The town would benefit in other ways. The Ellerbeck development always intended to connect to the Bellevue sewage interceptor, which passes through that greenspace on its way to the treatment plant.  Ellerbeck also undertook to extend a line to take in development on Leger/Oakfield as well as the Willow/Anchorage Inn and adjacent commercial zone. To address Diane Piacente’s concerns about the capacity of Hudson’s sewage and potable water treatment systems, I’m told the sewage treatment plant is operating at approximately half capacity (with 71 per cent of eligible users hooked up). The water treatment plant, as you probably know, was built to precipitate iron and manganese from the water supplied by the town’s three wells because of the impact on pipes and appliances and the propensity for certain bacteria to breed.

While the water filtration plant can handle considerably more volume than it is currently, ultimate capacity depends on backflush water storage and THAT depends on the levels of iron and manganese from the town’s wells. (The more we suck from Bradbury, Wellesley and Viviry wells, the more iron and manganese ions are pulled into the screen at the foot of the well and the more contaminated the water becomes. The water is safe to drink notwithstanding those levels (chlorine can be introduced during the precipitation/decantation process as well as directly at each wellhead) but it becomes an aesthetic issue with homeowners and businesses because of taste, odour and staining issues.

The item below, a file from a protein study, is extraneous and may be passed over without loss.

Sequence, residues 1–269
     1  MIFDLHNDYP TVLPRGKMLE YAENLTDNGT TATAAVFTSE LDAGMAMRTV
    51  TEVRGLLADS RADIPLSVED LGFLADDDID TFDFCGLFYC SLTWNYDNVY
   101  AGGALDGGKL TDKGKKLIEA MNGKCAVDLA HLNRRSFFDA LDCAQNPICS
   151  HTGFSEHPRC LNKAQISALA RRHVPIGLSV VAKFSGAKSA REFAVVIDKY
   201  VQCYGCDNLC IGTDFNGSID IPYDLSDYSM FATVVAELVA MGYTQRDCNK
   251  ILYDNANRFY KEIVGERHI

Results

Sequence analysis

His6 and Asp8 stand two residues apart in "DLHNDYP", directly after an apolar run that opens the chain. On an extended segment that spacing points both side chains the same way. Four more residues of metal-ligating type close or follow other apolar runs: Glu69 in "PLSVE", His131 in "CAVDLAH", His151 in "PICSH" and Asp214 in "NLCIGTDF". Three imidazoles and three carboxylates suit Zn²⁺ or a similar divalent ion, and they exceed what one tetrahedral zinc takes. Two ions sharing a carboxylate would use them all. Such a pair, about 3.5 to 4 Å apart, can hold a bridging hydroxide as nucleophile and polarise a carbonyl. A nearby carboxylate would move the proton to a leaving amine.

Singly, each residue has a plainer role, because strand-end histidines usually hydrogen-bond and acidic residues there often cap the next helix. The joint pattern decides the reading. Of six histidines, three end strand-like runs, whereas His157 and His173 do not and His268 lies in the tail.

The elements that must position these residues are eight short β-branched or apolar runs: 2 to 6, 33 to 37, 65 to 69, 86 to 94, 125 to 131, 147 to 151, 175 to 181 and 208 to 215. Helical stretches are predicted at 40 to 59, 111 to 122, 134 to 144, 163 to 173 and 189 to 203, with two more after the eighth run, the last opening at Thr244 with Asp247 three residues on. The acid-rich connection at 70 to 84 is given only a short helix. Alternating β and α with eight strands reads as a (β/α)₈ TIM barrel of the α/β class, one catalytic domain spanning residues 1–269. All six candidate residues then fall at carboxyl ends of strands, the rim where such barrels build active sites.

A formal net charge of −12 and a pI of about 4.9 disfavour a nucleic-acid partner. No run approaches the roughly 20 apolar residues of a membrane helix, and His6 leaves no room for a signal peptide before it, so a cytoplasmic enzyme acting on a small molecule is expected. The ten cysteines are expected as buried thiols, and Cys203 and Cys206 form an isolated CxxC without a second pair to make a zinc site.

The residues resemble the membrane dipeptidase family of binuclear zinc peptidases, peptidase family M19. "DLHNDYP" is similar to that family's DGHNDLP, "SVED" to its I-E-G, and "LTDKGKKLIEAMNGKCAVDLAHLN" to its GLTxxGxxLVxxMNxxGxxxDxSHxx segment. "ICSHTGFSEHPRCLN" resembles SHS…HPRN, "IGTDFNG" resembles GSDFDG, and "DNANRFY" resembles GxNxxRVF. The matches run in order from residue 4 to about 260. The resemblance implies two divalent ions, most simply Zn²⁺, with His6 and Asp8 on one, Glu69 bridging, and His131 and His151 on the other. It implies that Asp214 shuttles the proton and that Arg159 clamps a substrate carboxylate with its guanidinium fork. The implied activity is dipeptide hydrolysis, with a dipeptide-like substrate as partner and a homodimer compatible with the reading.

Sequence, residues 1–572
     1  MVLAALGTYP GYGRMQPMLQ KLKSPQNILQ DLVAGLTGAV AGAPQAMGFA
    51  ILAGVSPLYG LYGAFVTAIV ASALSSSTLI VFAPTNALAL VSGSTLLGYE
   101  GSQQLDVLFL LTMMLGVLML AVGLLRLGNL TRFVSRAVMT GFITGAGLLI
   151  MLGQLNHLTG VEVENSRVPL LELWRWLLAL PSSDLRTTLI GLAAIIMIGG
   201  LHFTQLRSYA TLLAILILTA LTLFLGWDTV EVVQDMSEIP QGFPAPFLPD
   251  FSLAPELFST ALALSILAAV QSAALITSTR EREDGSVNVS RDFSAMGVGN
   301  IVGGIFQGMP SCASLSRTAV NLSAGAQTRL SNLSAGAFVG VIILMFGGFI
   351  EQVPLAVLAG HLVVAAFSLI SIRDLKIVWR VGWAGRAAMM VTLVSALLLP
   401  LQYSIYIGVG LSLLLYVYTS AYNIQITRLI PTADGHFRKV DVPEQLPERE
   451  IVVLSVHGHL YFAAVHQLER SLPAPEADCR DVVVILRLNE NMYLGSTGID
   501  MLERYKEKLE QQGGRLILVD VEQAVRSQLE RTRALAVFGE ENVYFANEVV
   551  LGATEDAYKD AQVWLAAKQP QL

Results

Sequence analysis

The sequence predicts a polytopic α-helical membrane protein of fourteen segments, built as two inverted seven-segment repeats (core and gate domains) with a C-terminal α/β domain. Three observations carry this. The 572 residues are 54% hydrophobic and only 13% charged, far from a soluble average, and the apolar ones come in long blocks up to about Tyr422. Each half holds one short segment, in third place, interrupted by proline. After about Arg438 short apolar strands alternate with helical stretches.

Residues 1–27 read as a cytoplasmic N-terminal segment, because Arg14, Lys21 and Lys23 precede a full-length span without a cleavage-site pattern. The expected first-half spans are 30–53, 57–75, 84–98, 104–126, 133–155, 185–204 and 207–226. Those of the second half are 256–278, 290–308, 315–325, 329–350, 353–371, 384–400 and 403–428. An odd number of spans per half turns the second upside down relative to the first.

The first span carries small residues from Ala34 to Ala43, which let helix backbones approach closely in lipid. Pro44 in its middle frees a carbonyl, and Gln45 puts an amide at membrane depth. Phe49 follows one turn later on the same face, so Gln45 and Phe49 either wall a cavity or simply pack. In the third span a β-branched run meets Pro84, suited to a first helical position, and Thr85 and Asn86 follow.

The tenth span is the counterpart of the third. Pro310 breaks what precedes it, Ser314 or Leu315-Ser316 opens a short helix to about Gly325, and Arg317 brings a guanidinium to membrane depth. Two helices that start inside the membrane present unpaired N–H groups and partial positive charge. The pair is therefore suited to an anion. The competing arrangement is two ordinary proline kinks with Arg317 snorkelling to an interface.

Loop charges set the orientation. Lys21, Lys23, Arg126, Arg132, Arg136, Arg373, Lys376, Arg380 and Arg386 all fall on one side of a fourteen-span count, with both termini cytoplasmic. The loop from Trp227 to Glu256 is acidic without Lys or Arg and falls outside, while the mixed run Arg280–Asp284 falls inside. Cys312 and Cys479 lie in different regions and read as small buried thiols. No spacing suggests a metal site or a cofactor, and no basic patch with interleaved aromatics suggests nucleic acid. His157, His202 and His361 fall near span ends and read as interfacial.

So, next summer and barring record precipitation (hardly a record this winter!) Hudson will once again institute a watering ban. Not because the treatment plant can’t handle it, but because the Town of Hudson needs a new well we can’t afford.